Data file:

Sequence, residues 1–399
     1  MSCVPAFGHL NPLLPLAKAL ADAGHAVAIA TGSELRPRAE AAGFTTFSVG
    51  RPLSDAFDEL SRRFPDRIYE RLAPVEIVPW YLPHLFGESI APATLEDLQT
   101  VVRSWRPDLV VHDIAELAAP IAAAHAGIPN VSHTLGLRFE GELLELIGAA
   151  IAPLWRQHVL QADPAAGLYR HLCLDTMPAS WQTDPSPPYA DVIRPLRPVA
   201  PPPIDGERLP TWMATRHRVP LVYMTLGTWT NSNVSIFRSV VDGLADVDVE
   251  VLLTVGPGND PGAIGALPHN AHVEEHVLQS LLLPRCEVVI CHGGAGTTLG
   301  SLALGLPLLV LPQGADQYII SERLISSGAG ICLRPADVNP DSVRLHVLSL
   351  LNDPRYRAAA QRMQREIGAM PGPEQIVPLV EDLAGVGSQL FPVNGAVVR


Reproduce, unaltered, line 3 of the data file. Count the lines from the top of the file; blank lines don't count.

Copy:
    51  RPLSDAFDEL SRRFPDRIYE RLAPVEIVPW YLPHLFGESI APATLEDLQT